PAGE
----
The LaCrosse is offered in three different trim levels--CX, CXL and CXS. The CX and CXL trims come with a new 182-horsepower, 2.4-liter Ecotec inline 4-cylinder engine, while the sportier, premium CXS and all-wheel drive versions of the CXL get a 280-hp, 3.6-liter V6.
Both engines come mated to a very smooth-shifting 6-speed automatic transmission that includes tap-shift manual control, modern cast-aluminum construction and direct-injection technology that makes them both more powerful and more fuel-efficient. Also, there's no requirement for premium fuel as in some luxury vehicles. Fuel economy estimates are 22 mpg city, 30 mpg highway with the 2.4-liter engine and front-wheel drive.
Most of the lineup comes with front-wheel drive, but the CXL offers an optional all-wheel drive system with electronic limited-slip differential (eLSD); the system sends more torque to the front or rear wheels as needed to get the best traction and control.
The LaCrosse is built on a stiff body structure, which helps improve handling while still allowing a smooth, absorbent ride. A rather conventional suspension layout, with MacPherson struts and a stabilizer bar in front and a multi-link setup in back, combines with variable-effort rack-and-pinion steering and 4-wheel anti-lock disc brakes to provide good all-around performance. CXL and CXS models get upgraded variable-effort steering.
Standard safety features on all LaCrosse models include GM's StabiliTrak stability control, plus driver and front passenger side-impact airbags and side-curtain airbags that cover front and rear occupants. Rear-seat side thorax bags are optional.
With an overall size that's a bit larger than most mid-size cars, but not as barge-like as many full-size executive cars, the LaCrosse should be a good choice for those who plan to carry adults in the rear seats. While the interior is spacious and well-appointed, the design of the new instrument panel will find the most attention. With a new style and flowing lines that wrap from the door panels around through the instruments, accented by dark woodgrain and contrast stitching, this Buick feels more detailed inside than either Buicks of the past or other luxury-brand models. Soft leather surfaces, along with smoked chrome and wood trim, help support the upscale feel throughout the cabin.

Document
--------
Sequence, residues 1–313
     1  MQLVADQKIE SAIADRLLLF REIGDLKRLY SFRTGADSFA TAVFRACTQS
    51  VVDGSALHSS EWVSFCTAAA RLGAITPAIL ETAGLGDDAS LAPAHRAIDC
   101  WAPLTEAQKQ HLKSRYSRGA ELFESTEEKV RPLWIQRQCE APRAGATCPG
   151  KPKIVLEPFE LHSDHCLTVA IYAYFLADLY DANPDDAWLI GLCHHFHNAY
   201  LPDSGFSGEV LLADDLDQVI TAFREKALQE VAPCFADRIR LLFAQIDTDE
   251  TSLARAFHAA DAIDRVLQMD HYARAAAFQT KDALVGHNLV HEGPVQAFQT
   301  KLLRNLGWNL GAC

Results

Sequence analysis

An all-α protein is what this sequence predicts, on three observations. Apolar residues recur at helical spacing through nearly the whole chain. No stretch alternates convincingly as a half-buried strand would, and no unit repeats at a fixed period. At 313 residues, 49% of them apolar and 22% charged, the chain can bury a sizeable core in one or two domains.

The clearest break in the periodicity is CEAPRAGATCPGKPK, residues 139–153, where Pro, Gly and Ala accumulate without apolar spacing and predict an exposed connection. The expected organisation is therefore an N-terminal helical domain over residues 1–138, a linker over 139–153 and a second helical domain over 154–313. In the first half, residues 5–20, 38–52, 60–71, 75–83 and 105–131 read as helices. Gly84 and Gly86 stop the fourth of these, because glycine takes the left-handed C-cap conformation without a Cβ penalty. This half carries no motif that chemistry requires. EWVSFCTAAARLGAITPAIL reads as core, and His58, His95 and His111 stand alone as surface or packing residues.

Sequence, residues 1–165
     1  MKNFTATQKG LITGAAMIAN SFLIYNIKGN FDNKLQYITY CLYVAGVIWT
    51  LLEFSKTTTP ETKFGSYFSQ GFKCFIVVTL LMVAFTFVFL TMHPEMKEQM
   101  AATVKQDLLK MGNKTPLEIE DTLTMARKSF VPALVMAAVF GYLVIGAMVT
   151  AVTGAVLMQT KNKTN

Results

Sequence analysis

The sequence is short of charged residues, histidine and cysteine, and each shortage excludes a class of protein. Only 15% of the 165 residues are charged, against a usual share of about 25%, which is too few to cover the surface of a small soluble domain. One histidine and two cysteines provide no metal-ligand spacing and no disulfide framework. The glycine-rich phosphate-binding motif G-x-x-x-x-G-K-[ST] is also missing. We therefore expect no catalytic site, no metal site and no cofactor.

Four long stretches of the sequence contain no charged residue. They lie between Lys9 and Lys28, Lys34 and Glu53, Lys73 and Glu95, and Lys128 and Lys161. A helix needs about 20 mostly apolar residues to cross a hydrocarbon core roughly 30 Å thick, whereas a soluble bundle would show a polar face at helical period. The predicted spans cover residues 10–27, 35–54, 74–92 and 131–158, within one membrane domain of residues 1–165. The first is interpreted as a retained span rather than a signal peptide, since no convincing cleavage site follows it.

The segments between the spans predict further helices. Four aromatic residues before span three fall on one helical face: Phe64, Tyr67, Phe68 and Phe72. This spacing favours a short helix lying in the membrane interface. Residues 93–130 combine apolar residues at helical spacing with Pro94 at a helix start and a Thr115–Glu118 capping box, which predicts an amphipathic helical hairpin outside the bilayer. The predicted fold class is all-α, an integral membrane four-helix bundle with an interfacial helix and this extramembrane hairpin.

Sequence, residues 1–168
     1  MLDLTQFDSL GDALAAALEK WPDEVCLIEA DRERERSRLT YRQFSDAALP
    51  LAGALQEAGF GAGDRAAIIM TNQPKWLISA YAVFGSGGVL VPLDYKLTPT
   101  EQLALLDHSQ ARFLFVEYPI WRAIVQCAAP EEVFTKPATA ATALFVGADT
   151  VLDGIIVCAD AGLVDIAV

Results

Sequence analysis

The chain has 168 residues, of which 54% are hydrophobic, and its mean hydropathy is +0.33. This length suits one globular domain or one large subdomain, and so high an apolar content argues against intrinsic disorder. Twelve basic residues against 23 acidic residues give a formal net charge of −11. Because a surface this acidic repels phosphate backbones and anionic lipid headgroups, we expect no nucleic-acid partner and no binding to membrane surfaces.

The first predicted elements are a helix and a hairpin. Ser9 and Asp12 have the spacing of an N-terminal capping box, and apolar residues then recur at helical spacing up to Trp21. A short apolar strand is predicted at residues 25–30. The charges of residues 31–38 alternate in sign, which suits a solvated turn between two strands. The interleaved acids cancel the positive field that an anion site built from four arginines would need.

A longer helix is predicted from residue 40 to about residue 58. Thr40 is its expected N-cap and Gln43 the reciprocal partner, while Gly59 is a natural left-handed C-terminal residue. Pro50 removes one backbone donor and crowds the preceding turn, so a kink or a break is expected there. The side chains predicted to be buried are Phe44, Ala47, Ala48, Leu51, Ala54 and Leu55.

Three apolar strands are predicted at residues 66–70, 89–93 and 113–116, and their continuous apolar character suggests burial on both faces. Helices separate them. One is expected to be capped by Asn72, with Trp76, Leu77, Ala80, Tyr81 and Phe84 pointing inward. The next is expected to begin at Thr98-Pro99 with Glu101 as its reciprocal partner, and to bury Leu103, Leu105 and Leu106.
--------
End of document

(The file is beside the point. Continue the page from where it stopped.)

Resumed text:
The new LaCrosse covers a pretty wide difference in price and equipment depending on the trim. The base CX comes with nearly everything traditional Buick buyers might want, such as air conditioning, a power driver's seat, tilt/telescopic steering, cruise control, heated mirrors, keyless entry and a CD sound system with XM Satellite Radio and steering-wheel controls. The CXL model adds extras such as remote start, a universal remote, dual-zone climate control, a Bluetooth phone interface, leather power heated seats and fog lamps. At the top of the line, the CXS steps up to perforated leather upholstery, along with more extras such as a heated steering wheel, keyless start, ultrasonic park assist, a power rear sunshade, Harman Kardon audio and a 12-volt power outlet.
The options list for the CXS is heaped with high-tech goodies. Examples include a Head-Up Display, a navigation and entertainment system with 40-gigabyte hard drive and adaptive forward lighting.
You've probably seen the commercials. Thirty-something woman is surprised her friend drives a Buick. Super-cute actor Max Greenfield and his super-cuter French bulldog extol the luxury of heated seats.
Buick's mission to attract a younger demographic means it brought out the big guns with the redesigned 2017 Buick LaCrosse.
The LaCrosse is Buick's full-size sedan, slotting in above the midsize Regal and the compact Verano. It's offered in base, Preferred, Essence and Premium trims. Front-wheel drive is standard, but there is an all-wheel drive option in the Premium trim for an extra $3,000. New this year is an optional sport suspension package, a quieter ride and a 300-pound weight loss.
The Good A quiet and smooth ride can be made aggressive with the optional Dynamic Drive Package. Apple CarPlay and Android Auto are standard.
The Bad The voice-recognition system is not reliable. Some driver's aids are only available on the highest trim line.
The Bottom Line The 2017 Buick LaCrosse offers full-size luxury at a good price; we just wish it recognized our language.
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